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his speech – this provides, within reason, a fairly simple method of raising grievances to the general assembly. Similarly, when a matter is taken to the king it is usually only when the officers or headman acted with ill will that the king will examine the issue. This serves to both constrain frivolous suits and to provide insulation to management for simple mistakes of judgment. Absent such insulation management may be reluctant to enforce sreni dharma. This is because management receives only some of the benefit from the enforcement of sreni dharma and, if they bear liability without some insulation, most of the cost. The rule limiting royal interference to cases of ill will may help to calibrate the cost-benefit calculation for management in enforcing sreni dharma. This justification is essentially the same given in modern times for insulating directors from liability (e.g., via the business judgment rule) except for duty of loyalty violations which are closer to the ill will cases described above.109 4. Formation

From the above analysis it seems that the sreni had quite detailed and developed rules of governance that share some similarities with modern corporate governance. In some respects analogous problems were addressed in analogous ways. Although governance rules were quite detailed, it appears that the formation of a sreni was a straightforward exercise. First, the members needed to establish a sreni with some basic elements of its structure (including its sreni dharma) and then have it approved by the monarch.110 Second, once the approval was obtained some sources suggest that the sreni needed to register with the state and deposit its sreni dharma with the state for use in later dispute resolution.111 Of course, the formalities of setting up the entity are only the first step. The real work comes in building up the membership and keeping the sreni active and growing. To get a better sense of how the sreni membership developed it is important to describe how members were admitted to the sreni, how they could leave, and what rights and obligations they bore upon both entry and exit. Let us begin with the process for entering the sreni, which was usually specified by sreni dharma. First, the prospective member would need to build mutual confidence with pre-existing members.112 There were multiple ways in which this could be accomplished including undergoing a particular kind of “ordeal” (kosha), which may not be physically challenging, but had random elements to it,113 or agreeing to the sreni dharma (lekha-kriya),114 or having a person of high standing (perhaps an arbitrator) vouch for a new member and act as guarantor (madhyastha).115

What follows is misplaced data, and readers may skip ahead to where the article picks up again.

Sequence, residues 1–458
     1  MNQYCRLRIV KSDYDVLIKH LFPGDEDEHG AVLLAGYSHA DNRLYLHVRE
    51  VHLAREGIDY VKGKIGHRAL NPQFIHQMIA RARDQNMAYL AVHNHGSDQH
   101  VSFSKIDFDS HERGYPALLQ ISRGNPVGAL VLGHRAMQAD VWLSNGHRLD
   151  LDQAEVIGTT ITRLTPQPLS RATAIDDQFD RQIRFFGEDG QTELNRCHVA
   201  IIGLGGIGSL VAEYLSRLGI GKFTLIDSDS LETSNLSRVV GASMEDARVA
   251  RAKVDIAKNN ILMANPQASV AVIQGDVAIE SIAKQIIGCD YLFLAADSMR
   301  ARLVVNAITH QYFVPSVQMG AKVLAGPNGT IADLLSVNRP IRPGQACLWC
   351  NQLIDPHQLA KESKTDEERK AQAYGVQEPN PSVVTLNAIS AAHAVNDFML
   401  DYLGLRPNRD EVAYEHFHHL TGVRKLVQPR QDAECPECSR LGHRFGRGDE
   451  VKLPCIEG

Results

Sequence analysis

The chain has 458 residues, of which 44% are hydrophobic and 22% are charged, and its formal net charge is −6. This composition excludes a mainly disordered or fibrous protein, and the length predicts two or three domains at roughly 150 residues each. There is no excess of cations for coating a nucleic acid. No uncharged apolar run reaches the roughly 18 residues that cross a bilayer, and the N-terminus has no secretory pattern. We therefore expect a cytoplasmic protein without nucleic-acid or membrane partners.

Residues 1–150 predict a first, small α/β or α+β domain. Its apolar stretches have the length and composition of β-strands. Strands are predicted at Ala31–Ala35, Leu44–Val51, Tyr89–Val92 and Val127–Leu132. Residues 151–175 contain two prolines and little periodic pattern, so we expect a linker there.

See ALLEN & KRAAKMAN, supra note 4, at 240 – 42, 248 – 53. See SUKRANITI, at 305(B.K. SARKAR TRNSL.) (1975). Although not stated too explicitly, it appears that the monarch could refuse to approve a sreni. One might surmise this from the fact that the monarch could refuse to approve combinations of sreni – presumably the grounds for doing this are similar to the grounds for refusing to approve the creation of a sreni in the first place. See NAR, supra note 46, X at 4 – 6. 111 See ARTHASASTRA, supra note 62, at 2.7.2. 112 See BRIH, supra note 46, XVII at 7. 113 See id.; NAR, supra note 46, I at 327 – 31. 114 See BRIH, supra note 46, XVII at 7, 11 – 12. 115 See id., at 7.